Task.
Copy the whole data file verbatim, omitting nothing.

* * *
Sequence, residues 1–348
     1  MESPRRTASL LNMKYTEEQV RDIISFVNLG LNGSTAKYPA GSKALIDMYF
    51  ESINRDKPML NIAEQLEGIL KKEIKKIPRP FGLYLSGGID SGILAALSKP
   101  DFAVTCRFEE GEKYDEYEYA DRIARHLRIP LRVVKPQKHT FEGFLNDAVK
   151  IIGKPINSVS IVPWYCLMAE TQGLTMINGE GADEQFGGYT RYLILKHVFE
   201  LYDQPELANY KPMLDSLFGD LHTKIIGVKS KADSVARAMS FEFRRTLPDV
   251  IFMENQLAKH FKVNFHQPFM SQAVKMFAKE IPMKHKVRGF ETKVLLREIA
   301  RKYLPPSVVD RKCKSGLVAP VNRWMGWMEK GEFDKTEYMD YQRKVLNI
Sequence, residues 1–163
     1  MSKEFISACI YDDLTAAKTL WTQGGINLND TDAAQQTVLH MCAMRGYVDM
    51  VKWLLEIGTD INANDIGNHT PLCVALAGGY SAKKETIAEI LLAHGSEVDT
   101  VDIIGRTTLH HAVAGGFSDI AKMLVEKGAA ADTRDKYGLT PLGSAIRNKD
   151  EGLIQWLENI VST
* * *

Sequence, residues 1–348
     1  MESPRRTASL LNMKYTEEQV RDIISFVNLG LNGSTAKYPA GSKALIDMYF
    51  ESINRDKPML NIAEQLEGIL KKEIKKIPRP FGLYLSGGID SGILAALSKP
   101  DFAVTCRFEE GEKYDEYEYA DRIARHLRIP LRVVKPQKHT FEGFLNDAVK
   151  IIGKPINSVS IVPWYCLMAE TQGLTMINGE GADEQFGGYT RYLILKHVFE
   201  LYDQPELANY KPMLDSLFGD LHTKIIGVKS KADSVARAMS FEFRRTLPDV
   251  IFMENQLAKH FKVNFHQPFM SQAVKMFAKE IPMKHKVRGF ETKVLLREIA
   301  RKYLPPSVVD RKCKSGLVAP VNRWMGWMEK GEFDKTEYMD YQRKVLNI
Sequence, residues 1–163
     1  MSKEFISACI YDDLTAAKTL WTQGGINLND TDAAQQTVLH MCAMRGYVDM
    51  VKWLLEIGTD INANDIGNHT PLCVALAGGY SAKKETIAEI LLAHGSEVDT
   101  VDIIGRTTLH HAVAGGFSDI AKMLVEKGAA ADTRDKYGLT PLGSAIRNKD
   151  EGLIQWLENI VST